descriptors  to  nonblocking mode.  It is easy to introduce subtle errors that will remove
       the advantage of using select(), so here is a list of essentials to watch for  when  using

       1.  You  should  always  try  to use select() without a timeout.  Your program should have
           nothing to do if there is no data available.  Code that depends  on  timeouts  is  not
           usually portable and is difficult to debug.

       2.  The value nfds must be properly calculated for efficiency as explained above.

       3.  No  file  descriptor must be added to any set if you do not intend to check its result
           after the select() call, and respond appropriately.  See next rule.

       4.  After select() returns, all file descriptors in all sets should be checked to  see  if
           they are ready.

       5.  The  functions  read(2),  recv(2), write(2), and send(2) do not necessarily read/write
           the full amount of data that you have requested.   If  they  do  read/write  the  full
           amount,  it's  because  you  have  a  low traffic load and a fast stream.  This is not
           always going to be the case.  You should cope with the case of your functions managing
           to send or receive only a single byte.

       6.  Never  read/write  only  in single bytes at a time unless you are really sure that you
           have a small amount of data to process.  It is extremely inefficient not to read/write
           as  much  data as you can buffer each time.  The buffers in the example below are 1024
           bytes although they could easily be made larger.

       7.  The functions read(2), recv(2), write(2), and send(2) as well as the select() call can
           return  -1  with errno set to EINTR, or with errno set to EAGAIN (EWOULDBLOCK).  These
           results must be properly managed (not done properly above).  If your  program  is  not
           going to receive any signals, then it is unlikely you will get EINTR.  If your program
           does not set nonblocking I/O, you will not get EAGAIN.

       8.  Never call read(2), recv(2), write(2), or send(2) with a buffer length of zero.

       9.  If the functions read(2), recv(2), write(2), and send(2) fail with errors  other  than
           those  listed  in 7., or one of the input functions returns 0, indicating end of file,
           then you should not pass that descriptor to select() again.  In the example  below,  I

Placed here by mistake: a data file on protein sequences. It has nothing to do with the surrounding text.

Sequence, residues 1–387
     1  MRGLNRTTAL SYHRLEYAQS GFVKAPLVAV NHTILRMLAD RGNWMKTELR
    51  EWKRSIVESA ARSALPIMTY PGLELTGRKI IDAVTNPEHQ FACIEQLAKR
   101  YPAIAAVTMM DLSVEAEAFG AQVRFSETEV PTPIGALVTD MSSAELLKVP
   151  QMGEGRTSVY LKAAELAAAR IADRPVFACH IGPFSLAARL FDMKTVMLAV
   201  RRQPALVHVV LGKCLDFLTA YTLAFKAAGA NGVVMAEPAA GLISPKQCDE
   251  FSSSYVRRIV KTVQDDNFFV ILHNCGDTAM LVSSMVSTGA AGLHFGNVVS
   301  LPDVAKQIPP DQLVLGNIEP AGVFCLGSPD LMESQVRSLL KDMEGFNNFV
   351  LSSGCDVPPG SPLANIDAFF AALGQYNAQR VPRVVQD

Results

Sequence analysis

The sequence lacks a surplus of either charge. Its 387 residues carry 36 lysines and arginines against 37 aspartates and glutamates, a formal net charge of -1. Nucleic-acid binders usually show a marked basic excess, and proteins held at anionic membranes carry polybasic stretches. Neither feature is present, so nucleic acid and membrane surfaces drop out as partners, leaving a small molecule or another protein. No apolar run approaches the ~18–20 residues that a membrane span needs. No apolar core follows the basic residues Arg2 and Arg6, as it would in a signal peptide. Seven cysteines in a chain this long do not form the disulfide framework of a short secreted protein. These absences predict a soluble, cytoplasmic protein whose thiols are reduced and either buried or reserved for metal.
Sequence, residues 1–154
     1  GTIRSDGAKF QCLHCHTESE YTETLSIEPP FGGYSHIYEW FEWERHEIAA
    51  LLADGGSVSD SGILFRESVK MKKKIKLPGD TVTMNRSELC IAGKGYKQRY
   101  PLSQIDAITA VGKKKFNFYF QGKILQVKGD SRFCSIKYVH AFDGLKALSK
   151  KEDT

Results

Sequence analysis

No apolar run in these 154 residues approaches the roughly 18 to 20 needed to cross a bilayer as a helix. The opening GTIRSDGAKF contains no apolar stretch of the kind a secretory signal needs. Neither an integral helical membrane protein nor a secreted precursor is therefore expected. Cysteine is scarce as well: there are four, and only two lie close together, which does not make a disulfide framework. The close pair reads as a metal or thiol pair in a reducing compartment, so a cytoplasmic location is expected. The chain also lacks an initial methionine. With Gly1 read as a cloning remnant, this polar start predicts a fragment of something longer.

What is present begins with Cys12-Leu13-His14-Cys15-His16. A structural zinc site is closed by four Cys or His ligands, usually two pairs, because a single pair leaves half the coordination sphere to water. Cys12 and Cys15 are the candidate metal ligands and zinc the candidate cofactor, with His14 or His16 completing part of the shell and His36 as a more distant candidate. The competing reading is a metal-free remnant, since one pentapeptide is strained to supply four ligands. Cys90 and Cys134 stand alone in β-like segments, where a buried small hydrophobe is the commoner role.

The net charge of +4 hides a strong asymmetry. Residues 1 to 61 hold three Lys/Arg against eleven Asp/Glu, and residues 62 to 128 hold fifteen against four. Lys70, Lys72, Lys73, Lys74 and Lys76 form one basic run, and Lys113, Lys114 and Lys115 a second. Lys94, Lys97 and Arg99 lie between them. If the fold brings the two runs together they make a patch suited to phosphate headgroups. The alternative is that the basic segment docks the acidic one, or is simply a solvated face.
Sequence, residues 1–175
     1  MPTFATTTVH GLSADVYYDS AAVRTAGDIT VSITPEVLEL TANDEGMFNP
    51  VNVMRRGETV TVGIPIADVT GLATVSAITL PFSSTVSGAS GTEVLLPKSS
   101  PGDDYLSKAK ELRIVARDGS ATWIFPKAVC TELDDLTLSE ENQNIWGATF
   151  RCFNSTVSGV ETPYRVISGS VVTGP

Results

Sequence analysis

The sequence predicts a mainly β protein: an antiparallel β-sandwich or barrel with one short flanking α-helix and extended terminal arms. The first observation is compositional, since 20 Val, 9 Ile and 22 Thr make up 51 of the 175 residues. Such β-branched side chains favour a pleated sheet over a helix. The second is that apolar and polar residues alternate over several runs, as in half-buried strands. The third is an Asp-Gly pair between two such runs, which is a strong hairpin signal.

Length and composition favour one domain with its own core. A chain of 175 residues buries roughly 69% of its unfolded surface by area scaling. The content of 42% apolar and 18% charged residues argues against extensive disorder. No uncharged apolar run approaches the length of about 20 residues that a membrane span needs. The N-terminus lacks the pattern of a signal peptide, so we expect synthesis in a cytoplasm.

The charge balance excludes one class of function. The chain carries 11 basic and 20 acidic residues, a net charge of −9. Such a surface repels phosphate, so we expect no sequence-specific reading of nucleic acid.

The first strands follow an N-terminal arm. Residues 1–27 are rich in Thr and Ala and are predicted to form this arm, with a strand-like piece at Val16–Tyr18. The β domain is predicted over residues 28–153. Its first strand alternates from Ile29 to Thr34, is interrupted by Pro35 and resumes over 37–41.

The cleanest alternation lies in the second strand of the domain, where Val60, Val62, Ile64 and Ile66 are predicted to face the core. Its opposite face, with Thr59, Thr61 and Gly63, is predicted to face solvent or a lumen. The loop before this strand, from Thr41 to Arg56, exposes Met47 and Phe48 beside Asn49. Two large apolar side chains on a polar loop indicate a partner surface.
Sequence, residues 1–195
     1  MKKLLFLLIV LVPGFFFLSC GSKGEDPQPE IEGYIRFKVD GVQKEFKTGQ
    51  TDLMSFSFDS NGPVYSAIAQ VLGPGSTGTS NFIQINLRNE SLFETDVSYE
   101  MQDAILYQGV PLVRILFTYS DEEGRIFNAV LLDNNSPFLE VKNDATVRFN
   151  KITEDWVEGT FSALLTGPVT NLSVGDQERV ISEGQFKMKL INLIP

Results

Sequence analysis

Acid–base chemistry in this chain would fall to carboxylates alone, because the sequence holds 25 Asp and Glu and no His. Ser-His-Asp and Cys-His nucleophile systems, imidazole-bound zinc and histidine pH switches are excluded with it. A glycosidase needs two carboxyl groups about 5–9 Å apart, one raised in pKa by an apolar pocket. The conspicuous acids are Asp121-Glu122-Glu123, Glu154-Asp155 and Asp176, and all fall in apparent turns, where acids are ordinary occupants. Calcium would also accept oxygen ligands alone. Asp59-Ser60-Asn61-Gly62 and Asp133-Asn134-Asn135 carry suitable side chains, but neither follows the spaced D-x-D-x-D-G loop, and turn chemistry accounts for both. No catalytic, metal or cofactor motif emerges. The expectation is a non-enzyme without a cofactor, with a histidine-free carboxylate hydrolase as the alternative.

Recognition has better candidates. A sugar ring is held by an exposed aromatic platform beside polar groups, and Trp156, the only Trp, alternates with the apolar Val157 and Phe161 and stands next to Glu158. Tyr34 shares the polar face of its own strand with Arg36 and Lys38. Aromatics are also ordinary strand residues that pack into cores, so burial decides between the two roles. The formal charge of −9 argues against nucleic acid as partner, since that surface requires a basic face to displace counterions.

close  the  descriptor immediately, and then set it to -1 to prevent it being included
           in a set.

       10. The timeout value must be initialized with each  new  call  to  select(),  since  some
           operating systems modify the structure.  pselect() however does not modify its timeout

       11. Since select() modifies its file descriptor sets, if the call is being used in a loop,
           then the sets must be reinitialized before each call.

   Usleep emulation
       On  systems  that  do  not  have a usleep(3) function, you can call select() with a finite
       timeout and no file descriptors as follows:

           struct timeval tv;
           tv.tv_sec = 0;
           tv.tv_usec = 200000;  /* 0.2 seconds */
           select(0, NULL, NULL, NULL, &tv);

       This is guaranteed to work only on UNIX systems, however.


       On success, select() returns the total number of file descriptors  still  present  in  the
       file descriptor sets.

       If  select()  timed  out,  then  the  return value will be zero.  The file descriptors set
       should be all empty (but may not be on some systems).

       A return value of -1 indicates an error, with errno being set appropriately.  In the  case
       of  an  error,  the  contents  of  the  returned  sets and the struct timeout contents are
       undefined and should not be used.  pselect() however never modifies ntimeout.


       Generally speaking, all operating systems that  support  sockets  also  support  select().
       select()  can  be  used  to solve many problems in a portable and efficient way that naive
       programmers try to solve in a  more  complicated  manner  using  threads,  forking,  IPCs,
       signals, memory sharing, and so on.

       The  poll(2)  system  call  has  the  same functionality as select(), and is somewhat more